Campaigners for a velodrome hope a compromise proposal can be put forward to ensure a legacy for cycling from the Birmingham 2022 Commonwealth Games.
A petition calling for West Midlands Velodrome to be constructed by Birmingham City Council was last week handed over to Ian Ward.
The Birmingham Council Leader and Birmingham 2022 chairman received the petition from Wolverhampton-born cycling legend Hugh Porter.
Porter, a pursuit gold medallist at the 1966 Commonwealth Games in Jamaica’s capital Kingston, joined Halesowen Cycling Club chairman Dave Viner and campaigners at the event.
The campaign began after Commonwealth Games organisers announced Lee Valley VeloPark in London would host 2022's track cycling events, despite being 130 miles away from Birmingham.
More than 6,000 people signed the resultant petition.
It appears petition organisers believe the Commonwealth Games cycling will not take place in Birmingham, after stating they accept neither Sport England nor British Cycling support building another competition-standard venue.
Attentions have been turned towards a "more modest training and development velodrome", which it is claimed will leave a strong legacy from the Games.
The campaign has been led by Viner and Charlie Dickens, who have persisted in their bid to see a velodrome built after it was revealed Birmingham City Council had not conducted a feasibility study into the idea before settling on London as their preferred venue.
Dickens and Viner suggested that if the competition is not held in Birmingham then a "training stadium" should be built instead for competitors to prepare, which could then be used by local clubs after the Games.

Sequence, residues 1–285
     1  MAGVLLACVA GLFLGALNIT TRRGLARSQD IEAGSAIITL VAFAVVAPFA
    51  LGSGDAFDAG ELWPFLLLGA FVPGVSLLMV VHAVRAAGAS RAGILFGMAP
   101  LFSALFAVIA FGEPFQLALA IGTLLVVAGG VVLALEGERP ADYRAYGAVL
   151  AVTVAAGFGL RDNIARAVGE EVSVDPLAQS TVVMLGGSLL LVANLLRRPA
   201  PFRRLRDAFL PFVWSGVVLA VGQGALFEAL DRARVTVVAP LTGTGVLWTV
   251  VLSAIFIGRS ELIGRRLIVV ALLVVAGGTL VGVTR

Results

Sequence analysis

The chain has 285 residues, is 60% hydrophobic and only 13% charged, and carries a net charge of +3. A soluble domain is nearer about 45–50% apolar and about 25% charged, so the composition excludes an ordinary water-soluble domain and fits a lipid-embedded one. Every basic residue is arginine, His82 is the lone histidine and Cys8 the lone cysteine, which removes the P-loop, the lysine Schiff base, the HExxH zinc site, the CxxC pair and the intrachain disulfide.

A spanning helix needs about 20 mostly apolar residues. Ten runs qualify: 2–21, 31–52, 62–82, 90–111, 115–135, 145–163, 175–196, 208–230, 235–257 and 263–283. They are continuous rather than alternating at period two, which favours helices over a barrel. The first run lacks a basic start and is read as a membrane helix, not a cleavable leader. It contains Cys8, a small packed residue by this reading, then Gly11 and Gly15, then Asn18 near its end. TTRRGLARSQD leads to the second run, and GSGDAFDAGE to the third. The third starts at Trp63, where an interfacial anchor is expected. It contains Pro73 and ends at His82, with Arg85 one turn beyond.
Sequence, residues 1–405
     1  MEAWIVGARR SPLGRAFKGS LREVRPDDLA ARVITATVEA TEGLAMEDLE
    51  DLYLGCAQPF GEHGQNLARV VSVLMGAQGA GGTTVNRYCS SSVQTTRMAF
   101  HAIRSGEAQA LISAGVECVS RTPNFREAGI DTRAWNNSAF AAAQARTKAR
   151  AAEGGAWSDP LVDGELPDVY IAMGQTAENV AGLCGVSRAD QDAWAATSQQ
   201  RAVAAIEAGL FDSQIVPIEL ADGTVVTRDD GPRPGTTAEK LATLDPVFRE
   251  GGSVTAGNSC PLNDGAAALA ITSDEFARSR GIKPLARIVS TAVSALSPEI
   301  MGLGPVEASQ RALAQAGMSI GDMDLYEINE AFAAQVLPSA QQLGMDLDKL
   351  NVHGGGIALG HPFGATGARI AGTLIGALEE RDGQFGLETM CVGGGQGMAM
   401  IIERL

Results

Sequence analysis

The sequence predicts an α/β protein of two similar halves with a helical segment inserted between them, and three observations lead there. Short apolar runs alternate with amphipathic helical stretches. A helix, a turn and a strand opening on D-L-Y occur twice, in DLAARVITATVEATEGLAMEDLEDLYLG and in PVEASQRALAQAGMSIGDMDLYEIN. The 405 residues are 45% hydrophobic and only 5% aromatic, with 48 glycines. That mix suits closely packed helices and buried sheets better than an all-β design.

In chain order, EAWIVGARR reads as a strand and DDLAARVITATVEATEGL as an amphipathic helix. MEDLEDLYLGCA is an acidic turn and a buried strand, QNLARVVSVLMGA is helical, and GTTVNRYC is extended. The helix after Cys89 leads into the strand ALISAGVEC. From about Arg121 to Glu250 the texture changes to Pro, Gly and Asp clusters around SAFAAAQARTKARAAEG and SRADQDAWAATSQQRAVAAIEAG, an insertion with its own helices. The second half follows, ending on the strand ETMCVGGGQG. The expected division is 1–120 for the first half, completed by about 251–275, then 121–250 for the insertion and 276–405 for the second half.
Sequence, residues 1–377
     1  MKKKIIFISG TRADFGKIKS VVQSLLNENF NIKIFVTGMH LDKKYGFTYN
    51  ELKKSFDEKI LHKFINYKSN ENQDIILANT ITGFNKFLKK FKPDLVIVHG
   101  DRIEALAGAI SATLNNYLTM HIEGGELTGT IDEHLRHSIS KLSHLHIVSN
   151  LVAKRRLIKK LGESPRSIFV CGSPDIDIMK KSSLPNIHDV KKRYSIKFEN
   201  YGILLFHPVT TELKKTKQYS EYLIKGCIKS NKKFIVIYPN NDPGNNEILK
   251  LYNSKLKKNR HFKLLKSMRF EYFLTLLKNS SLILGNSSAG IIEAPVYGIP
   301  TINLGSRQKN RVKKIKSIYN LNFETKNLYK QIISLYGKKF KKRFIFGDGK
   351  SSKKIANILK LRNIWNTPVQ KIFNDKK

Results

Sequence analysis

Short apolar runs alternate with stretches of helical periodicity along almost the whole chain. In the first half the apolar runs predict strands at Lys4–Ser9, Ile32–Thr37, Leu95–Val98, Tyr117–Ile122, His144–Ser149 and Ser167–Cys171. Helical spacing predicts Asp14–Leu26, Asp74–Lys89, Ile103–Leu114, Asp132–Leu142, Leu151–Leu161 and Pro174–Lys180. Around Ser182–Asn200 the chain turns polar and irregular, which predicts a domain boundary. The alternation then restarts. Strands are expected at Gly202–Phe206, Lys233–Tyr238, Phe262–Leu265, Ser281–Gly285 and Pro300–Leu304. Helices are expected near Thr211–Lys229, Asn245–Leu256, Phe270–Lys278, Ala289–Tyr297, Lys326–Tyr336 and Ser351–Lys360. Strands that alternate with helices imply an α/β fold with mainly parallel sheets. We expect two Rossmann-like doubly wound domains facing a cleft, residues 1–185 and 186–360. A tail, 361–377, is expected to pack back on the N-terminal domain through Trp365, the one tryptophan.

Dickens has told the Birmingham Mail the campaign is ongoing, following the handover of the petition.
He expressed hope a compromise proposal could be put forward but admitted the campaign needed the support of British Cycling, the national body, to achieve a positive result.
Today was the big day! We handed in our petition to #Birmingham Council leader Ward (who was very supportive) alongside #cycling legend Hugh Porter.— WM Velodrome Campaign (@WMvelodrome) April 15, 2019
Thanks to everyone who has signed.
Electronic copies of the petition will soon be made available. pic.twitter.com/yKWGLSOlB6
"The main thing is that they said they didn’t want a 4,000-seater competition velodrome," Dickens told the Birmingham Mail.
"And with the feasibility study, it would be nice if they could come up with some kind of compromise proposal, that still allows for cycling provision to still be improved in the area, and still has some kind of legacy from the Commonwealth Games.
"At the minute there’s not really any plans for anything, so we need to bring British Cycling round to this way of thinking.
"Because British Cycling is the governing body, nothing will get done without their support anyway.
"We could get a million signatures, but if the governing body don't want to do anything, then it won't get done.
"This is an ongoing campaign that continues to garner support, particularly because we have widened that net of people that are involved.
"Hopefully, there will be enough to convince them, which is obviously the aim, and we’re doing this to put the best possible case forward and then see what happens."
Andy Street, Mayor of the West Midlands Combined Authority, stated in January that he would hold talks on plans to construct a velodrome in Birmingham as part of legacy plans.
Street admitted, however, that the funding for such a project could not come from the Games' budget, with all the cash already allocated.
He stated any project would have to be funded separately, "something which as yet I do not see forthcoming".
Earlier this month, Council’s Planning Committee approved plans for Sandwell Aquatics Centre to be built for the Games.
The leisure centre is expected to be completed by 2021 and will host the swimming and diving events during Birmingham 2022.
Plans include a 50 metres Olympic-sized competition swimming pool, a 25m diving pool and a studio pool.
The leisure centre will have 1,000 permanent spectator seats with additional seating to be added on a temporary basis for Birmingham 2022.
It will also boast a dry-dive facility, a 108-station gym, a 25-station women’s-only gym, three activity studios, an eight-court sports hall, an indoor cycling studio, a sauna/steam room and a café.